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A Sweeping Declaration of Intent: Gingrich unveils new “21st Century Contract with America”

American Gladiators II: A Painful Look Back…A Bright Future Ahead

The Following piece is the 2nd installment of an ongoing series here at The Conservative Reader. “American Gladiators” is a recurring feature focusing on the defining political issue of our generation: the crucial battle over Federal spending and the debt and deficit it creates.

A favorite saying of both political parties these days is that “elections have consequences”—2010 proved that so do primaries. For Republicans no past event has had a bigger impact on the eventual major players and the shape of the fiscal debate’s battlefield than the primaries preceding the 2010 mid-term elections.

Though history now, you may recall at that time an internal debate was raging amongst Republicans. Many influential Conservative thinkers, including Charles Krauthammer, joined a large number of high ranking members of the Republican establishment in warning against selecting “unconventional”, mostly Tea Party backed, candidates to compete against Democrats in liberal leaning districts.

Though admittedly unappealing, this camp made the case that in selected states it would be wiser to support more moderate Republicans who had a greater chance of winning in traditional Democratic strong holds. They particularly took issue with Christine O’ Donnell in Delaware, Linda McMahon in Connecticut, and Sharon Angle in Nevada, all of whom went on to win their primaries but lose in the general election.

While the stand was principled, harnessing a populist movement is difficult, and there is no guarantee a more main stream Republican would have won, it is fair to at least consider this rejection of political pragmatism as an over reach by the Tea Party… and one that had painful consequences.

Working without anesthesia, Dr. Hindsight unmercifully reopens the wounds when one considers how much better Republicans would be positioned with just four more Senate seats. Having a majority in this body to go along with the one already had in the House would have provided Republicans a massive strategic advantage. Specifically, it would have allowed them to not only pass unified bills on spending cuts and the budget, but to bypass the Senate buffer the President currently enjoys and send the bills directly to his desk. Removing this Senate buffer would have enabled Republicans to repeatedly, and at will, draw him out on targeted issues. Imagine a scenario in which every week he was forced to either agree and sign a bill, or veto it and go on record resisting specific cuts.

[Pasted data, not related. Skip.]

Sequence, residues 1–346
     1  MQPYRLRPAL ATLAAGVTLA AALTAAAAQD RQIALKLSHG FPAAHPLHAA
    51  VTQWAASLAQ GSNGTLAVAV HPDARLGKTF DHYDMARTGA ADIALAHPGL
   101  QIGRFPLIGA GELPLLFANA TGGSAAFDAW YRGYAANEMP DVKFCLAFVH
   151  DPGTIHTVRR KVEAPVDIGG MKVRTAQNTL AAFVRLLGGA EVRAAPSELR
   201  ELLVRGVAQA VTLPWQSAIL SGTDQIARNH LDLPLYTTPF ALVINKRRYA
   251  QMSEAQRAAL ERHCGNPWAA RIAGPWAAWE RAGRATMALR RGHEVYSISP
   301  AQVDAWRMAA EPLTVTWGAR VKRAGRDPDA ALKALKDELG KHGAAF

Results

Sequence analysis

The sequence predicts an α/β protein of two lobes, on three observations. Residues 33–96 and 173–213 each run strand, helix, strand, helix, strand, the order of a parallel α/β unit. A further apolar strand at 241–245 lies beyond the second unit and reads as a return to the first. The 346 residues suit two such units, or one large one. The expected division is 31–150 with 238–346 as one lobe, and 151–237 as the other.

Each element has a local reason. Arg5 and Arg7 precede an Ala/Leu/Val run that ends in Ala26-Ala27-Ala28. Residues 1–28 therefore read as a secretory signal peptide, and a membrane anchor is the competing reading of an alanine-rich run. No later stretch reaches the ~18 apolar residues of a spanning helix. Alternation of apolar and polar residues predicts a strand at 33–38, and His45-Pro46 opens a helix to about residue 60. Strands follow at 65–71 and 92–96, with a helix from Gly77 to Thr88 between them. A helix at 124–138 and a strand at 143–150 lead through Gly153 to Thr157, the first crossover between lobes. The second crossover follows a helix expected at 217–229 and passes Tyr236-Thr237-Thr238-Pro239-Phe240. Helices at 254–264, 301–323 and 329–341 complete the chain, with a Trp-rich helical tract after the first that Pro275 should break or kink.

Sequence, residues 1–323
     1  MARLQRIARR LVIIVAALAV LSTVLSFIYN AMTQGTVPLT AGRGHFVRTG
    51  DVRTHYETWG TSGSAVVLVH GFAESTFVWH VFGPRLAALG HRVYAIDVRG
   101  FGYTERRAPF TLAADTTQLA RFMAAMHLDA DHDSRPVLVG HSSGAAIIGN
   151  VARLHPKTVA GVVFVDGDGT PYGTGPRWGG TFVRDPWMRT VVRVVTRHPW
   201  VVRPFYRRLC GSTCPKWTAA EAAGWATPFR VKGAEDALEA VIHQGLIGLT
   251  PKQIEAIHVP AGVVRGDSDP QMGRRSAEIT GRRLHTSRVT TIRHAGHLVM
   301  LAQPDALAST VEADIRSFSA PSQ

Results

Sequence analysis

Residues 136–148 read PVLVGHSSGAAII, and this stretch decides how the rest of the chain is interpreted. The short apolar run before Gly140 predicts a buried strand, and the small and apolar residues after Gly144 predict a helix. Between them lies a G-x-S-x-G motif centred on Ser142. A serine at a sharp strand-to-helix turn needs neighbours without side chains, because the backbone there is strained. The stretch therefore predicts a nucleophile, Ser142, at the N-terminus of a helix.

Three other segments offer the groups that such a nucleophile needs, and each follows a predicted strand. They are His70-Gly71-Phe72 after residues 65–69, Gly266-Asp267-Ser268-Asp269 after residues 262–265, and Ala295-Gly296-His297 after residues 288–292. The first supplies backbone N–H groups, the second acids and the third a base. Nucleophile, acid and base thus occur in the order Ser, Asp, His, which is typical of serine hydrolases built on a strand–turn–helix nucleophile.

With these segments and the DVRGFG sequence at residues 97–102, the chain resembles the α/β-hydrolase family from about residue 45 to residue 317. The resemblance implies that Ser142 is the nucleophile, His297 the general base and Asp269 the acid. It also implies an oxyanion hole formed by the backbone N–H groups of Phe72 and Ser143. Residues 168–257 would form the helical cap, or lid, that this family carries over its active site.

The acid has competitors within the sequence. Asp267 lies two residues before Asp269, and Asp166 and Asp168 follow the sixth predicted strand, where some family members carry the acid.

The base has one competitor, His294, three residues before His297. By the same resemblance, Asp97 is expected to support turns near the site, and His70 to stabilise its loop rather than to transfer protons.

Any Democratic strategist would tell you that either of these actions would be vastly damaging to his re-election bid. Should he sign, his base would trample themselves in disgusted exodus, while a veto would leave him constantly defending unpopular expenditures, and require him to personally counter-offer with specific proposals (not his strong suit). Such extended exposure on vulnerable ground would have in essence reworded the old political axiom “sunlight is the best disinfectant” into “sunlight is the best infectant”.

In spite of these lost opportunities, snapping out of the past and returning to the present finds Republicans still in very good shape. Though it includes a few head scratchers, the polling data on long term budget issues strongly favors the GOP position. The best news is provided by the findings on the debate’s two most fundamental questions: Are budget deficits and the National debt widely perceived as problems? And, do people feel that success from Republican plans is fundamentally possible?

As to the first, a CBS News Poll (March 18-21,2011-m.o.e=+-3) found that 68% of respondents felt that the budget deficit was a “serious problem”, while another 26% termed it “somewhat serious”. Only 5% thought it was “not too serious”.